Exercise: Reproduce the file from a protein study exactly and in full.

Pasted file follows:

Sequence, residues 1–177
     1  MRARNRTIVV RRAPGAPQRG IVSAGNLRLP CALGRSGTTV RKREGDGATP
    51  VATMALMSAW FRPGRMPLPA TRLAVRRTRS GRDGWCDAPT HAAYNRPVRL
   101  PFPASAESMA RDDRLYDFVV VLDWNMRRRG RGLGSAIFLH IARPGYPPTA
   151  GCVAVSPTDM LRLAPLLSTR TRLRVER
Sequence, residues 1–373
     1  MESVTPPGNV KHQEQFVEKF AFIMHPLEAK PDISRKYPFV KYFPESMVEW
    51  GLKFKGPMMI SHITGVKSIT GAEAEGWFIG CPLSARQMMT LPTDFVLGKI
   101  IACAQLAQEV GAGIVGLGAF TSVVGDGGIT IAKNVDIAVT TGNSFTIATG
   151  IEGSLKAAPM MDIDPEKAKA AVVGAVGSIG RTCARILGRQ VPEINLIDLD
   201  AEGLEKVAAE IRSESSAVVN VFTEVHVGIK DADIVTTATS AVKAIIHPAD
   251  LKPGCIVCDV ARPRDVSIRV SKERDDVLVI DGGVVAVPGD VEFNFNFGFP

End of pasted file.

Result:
Sequence, residues 1–177
     1  MRARNRTIVV RRAPGAPQRG IVSAGNLRLP CALGRSGTTV RKREGDGATP
    51  VATMALMSAW FRPGRMPLPA TRLAVRRTRS GRDGWCDAPT HAAYNRPVRL
   101  PFPASAESMA RDDRLYDFVV VLDWNMRRRG RGLGSAIFLH IARPGYPPTA
   151  GCVAVSPTDM LRLAPLLSTR TRLRVER
Sequence, residues 1–373
     1  MESVTPPGNV KHQEQFVEKF AFIMHPLEAK PDISRKYPFV KYFPESMVEW
    51  GLKFKGPMMI SHITGVKSIT GAEAEGWFIG CPLSARQMMT LPTDFVLGKI
   101  IACAQLAQEV GAGIVGLGAF TSVVGDGGIT IAKNVDIAVT TGNSFTIATG
   151  IEGSLKAAPM MDIDPEKAKA AVVGAVGSIG RTCARILGRQ VPEINLIDLD
   201  AEGLEKVAAE IRSESSAVVN VFTEVHVGIK DADIVTTATS AVKAIIHPAD
   251  LKPGCIVCDV ARPRDVSIRV SKERDDVLVI DGGVVAVPGD VEFNFNFGFP